Climate scientists don't typically make the rounds on late-night talk shows. But thanks to President Donald Trump, they do now. Ben Santer, a prominent atmospheric scientist at Lawrence Livermore National Laboratory, appeared on Late Night with Seth Meyers on Wednesday night — a rare step for someone employed by a government-run lab. "These are strange and unusual times, and it seems kind of important to talk about the science that we do," Santer told Meyers, explaining he was there as a private citizen. SEE ALSO: The geekiest signs from the 'Stand up for Science' rally Trump previously claimed that human-caused climate change is "a hoax." More recently, he's said he is "open-minded" on climate
Foam body armor? Even armor-piercing bullets cannot get through this foam. And the foam doesn’t just stop bullets. It destroys them … this foam decimates bullets into dust. North Carolina State University Professor Afsaneh Rabiei led the team that created the amazing foam. This is not ordinary foam like the kind used for shaving, for example. This is a special type of foam called composite metal foams, or CMF. The military and law enforcement could use this kind of foam for advanced, ultra-light body armor to protect personnel. And this research team has other foams up its sleeve that have the potential to keep military and first responders safe from radiation and extreme heat too. Bullet vs.
Just 1 percent of participants always said that they wanted to know what the future held for them. "In our study, we've found that people would rather decline the powers that made Cassandra famous, in an effort to forgo the suffering that knowing the future may cause, avoid regret and also maintain the enjoyment of suspense that pleasurable events provide," Gigerenzer said. Participants were asked whether, hypothetically, they would want to know about 10 future events, which ranged from serious to mundane.
Some Facts About the Full Moon In ancient times, looking into the sky and seeing a full moon must have been fascinating because we had no idea what caused it. All we knew was that it happened on a very predictable schedule. But today we know scientifically what causes a full moon. In fact, a full moon occurs when one side of the earth is fully illuminated by the moon. It occurs when the sun, moon, and earth are lined up with the earth in the middle. From our perspective, the rays of the sun are fully illuminating the moon, which makes it appear full. As the position of the sun, moon, and earth change, so too does the way we view the moon. Of course, the shape of the moon isn’t changing, just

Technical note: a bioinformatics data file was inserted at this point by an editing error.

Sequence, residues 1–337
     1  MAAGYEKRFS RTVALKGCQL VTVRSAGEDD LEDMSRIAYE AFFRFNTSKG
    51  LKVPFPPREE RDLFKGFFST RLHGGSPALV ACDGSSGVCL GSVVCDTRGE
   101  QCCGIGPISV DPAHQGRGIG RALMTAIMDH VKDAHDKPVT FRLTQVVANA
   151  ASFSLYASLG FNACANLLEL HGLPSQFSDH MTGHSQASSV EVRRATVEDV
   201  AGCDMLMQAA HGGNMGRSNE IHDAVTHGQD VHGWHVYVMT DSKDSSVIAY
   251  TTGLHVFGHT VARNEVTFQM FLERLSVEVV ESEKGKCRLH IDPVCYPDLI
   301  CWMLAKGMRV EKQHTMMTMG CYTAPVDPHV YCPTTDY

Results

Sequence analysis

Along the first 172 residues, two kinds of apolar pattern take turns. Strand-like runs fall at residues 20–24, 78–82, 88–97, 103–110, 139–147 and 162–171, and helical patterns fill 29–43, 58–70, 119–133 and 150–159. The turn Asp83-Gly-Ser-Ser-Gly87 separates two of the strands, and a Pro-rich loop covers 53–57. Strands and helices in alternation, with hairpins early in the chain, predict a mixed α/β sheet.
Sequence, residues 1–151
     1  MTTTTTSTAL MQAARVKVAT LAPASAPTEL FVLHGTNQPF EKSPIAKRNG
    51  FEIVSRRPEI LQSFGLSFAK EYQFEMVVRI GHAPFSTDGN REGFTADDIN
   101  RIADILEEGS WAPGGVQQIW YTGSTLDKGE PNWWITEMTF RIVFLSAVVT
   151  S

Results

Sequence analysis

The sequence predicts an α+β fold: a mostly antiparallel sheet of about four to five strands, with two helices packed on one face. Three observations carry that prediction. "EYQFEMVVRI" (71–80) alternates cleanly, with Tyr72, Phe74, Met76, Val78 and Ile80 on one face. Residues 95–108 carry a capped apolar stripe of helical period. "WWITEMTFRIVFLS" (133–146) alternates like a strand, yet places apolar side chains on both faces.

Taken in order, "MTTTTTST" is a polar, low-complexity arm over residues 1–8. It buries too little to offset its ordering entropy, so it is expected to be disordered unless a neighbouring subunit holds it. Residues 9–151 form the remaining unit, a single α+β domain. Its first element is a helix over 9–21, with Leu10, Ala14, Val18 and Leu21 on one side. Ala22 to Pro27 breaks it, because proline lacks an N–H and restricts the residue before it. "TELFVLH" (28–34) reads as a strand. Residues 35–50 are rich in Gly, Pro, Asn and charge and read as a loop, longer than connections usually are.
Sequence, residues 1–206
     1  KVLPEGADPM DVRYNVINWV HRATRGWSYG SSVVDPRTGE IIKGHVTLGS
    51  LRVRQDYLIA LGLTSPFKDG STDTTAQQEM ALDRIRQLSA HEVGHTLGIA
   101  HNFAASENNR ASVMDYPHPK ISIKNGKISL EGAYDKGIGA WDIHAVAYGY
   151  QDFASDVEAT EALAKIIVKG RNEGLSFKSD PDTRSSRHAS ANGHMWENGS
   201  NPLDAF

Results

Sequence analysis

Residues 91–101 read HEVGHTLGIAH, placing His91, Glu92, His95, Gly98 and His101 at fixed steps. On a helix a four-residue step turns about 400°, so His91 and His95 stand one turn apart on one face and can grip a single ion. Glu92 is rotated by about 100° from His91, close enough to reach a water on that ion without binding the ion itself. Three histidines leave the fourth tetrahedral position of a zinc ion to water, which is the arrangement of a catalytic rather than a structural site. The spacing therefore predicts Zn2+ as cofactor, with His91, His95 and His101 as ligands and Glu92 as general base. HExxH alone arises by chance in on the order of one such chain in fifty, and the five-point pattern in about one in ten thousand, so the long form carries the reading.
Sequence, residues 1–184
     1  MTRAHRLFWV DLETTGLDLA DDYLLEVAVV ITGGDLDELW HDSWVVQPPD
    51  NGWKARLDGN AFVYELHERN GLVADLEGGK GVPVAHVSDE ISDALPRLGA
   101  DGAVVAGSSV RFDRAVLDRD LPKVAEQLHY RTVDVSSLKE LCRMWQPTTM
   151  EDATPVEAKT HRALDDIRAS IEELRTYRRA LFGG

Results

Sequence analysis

NASA's Jupiter-circling spacecraft is stuck making long laps around the gas giant because of sticky valves. It currently takes Juno 53 days to fly around the solar system's biggest planet. That's almost four times longer than the intended 14-day orbit. After repeated delays, NASA decided late last week to forego an engine firing that would have shortened the orbit. Officials say the maneuver poses too much risk. NASA says the quality of science won't be affected. But it will take more time to gather the data, given Juno's longer loops. The mission will have to be extended at tens of millions of extra dollars if scientists are to collect everything under the original plan. It's already a billion-dollar
The accuracy of detecting voice biometrics may decrease as we age according to new research from a fraud detection firm. Pindrop presented its findings at the RSA security conference in San Francisco last week, where the firm demonstrated the existence of slight changes to the human voice’s speed and pitch over months and years. The researchers claimed that error rates in voice biometrics can double over a two-year period.